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Replacing the Chiller and Piping

Typically the most significant capital expenditure for the property, replacement of a chiller and its associated piping necessitates skilled planning, scheduling, and smooth work flow. As the Owner and/or property manager you cannot afford hiccups, changes, and interruptions while replacing this equipment – too much is at stake. So the proactive steps most commonly taken are: 1) seeking a well-qualified mechanical engineer to ensure proper planning and design, 2) issuing the drawings to experienced mechanical contractors for competitive bids, 3) encouraging value-engineering alternatives from contractors to reduce costs where practicable, and 4) qualifying the candidate contractor to be successful with proficient production.

It can be a complex and expensive capital project laden with many risks. Risks often have the consequence of time and money. So how do you mitigate the risks? Let’s take a step back and re-look at a typical scenario through the lens of process evaluation. Replacing chiller systems is nothing new – lots of buildings have had chillers replaced. But the process for each of these replacements obviously vary due to a multitude of factors which collectively result in a spectrum of projects some of which went very well to those that didn’t go so well. OK, then how does a process approach help you?

A better question from which to start is what are the factors that have the greatest potential to add time and costs to the replacement? Design implementation is the answer that tops the lists. The most risks lie in the physical construction and installation which have the highest potential for protracting the project time and costs. Restructuring the process to reduce and eliminate these risks will logically enhance controls on time and costs. Pretty simple concept that seems so commonsensical yet is not that commonly practiced. Why? Because the customary design-bid-build delivery method is not always the process suitable for a project with high risks, but many default to it because of the general opinion of realizing best price. Yes, there are others who recognize this mismatch for the type of project and utilize other delivery methods such as design-build or negotiated sum contracts to minimize the inherent risks. But even still there are ways to improve time and decrease potential for problems during installation.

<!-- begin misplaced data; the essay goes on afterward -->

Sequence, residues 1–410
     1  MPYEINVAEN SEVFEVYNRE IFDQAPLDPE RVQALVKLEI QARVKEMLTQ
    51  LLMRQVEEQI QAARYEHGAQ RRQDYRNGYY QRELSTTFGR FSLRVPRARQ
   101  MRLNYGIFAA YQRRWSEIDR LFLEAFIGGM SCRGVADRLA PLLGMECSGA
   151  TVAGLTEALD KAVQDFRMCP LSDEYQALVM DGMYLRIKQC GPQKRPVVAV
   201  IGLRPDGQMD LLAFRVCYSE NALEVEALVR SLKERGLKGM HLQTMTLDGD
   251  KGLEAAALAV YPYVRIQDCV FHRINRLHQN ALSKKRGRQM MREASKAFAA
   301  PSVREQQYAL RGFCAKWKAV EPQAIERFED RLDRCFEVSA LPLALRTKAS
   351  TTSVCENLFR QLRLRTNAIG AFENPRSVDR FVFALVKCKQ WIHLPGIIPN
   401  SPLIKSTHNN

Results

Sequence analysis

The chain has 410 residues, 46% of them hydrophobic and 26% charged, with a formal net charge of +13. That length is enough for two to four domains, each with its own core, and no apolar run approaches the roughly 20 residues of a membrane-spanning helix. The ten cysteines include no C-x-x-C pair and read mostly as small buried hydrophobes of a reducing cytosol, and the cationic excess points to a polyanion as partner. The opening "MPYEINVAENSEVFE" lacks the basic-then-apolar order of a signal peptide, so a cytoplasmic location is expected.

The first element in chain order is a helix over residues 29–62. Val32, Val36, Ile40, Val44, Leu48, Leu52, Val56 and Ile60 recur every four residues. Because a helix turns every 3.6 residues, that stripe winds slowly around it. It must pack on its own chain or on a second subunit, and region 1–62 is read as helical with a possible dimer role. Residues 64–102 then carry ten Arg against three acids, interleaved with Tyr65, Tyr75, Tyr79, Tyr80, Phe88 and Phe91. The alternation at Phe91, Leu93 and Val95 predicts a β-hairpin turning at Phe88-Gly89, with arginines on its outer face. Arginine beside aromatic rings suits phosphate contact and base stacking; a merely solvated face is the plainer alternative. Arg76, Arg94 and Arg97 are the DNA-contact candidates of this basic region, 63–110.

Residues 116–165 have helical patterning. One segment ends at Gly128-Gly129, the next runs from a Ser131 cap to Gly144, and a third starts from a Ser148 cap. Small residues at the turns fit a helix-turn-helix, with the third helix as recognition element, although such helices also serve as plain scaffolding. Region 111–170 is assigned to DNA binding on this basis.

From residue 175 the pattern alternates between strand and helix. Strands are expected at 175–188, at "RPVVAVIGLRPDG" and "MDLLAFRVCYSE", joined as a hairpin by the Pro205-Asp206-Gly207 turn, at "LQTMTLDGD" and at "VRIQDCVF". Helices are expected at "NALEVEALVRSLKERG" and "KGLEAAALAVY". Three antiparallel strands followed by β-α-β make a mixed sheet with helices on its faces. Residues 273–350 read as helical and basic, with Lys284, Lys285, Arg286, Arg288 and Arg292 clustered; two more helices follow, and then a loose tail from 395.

Promaneer recommends to its clients prefabrication as one of the best opportunities to control quality; parallel tasks thus improving time; and, to streamline field work for fewer installation hours. Not all contractors have prefab capabilities. Moreover, not all have the project management skillsets to orchestrate it. Further, the upfront precision needed to be successful with prefabrication requires advanced technology that not all companies possess in their toolbox. All of these combined mean the pool of contractors just got smaller. However, this doesn’t necessarily convert to disproportionately higher prices. Think about the savings in man-hours, labor rates, and scheduling using prefabrication in the delivery process. Those savings should transfer along with the value-add of decreasing the risk potential.

Another process consideration is when to connect to the contractor? The contractor is the installer responsible for achieving the highest possible outcome from the design implementation phase. The question almost answers itself. The sooner in the process the contractor provides input the greater the opportunity to early identify issues and formulate methods for eliminating and controlling them. No matter how terrific the process, Promaneer always emphasizes right-timing the smooth flow of value and information as most critical.

Likewise, timing the field work is just as important. It must be a part of the process. Obviously the best season to replace a chiller system is winter, but surprisingly there are replacements taking place in the summer months frequently due to prolonged RFP and bid evaluation procedures, poorly timed funding and financing delays, and overall poor planning. Expect around 12 weeks lead-time for most chillers, then work backwards from the desired installation date to account for this as well contracting time, permitting time, capital allocation approvals, etc.

To discuss your specific HVAC system and planning for replacement, contact Promaneer 202-715-3990.

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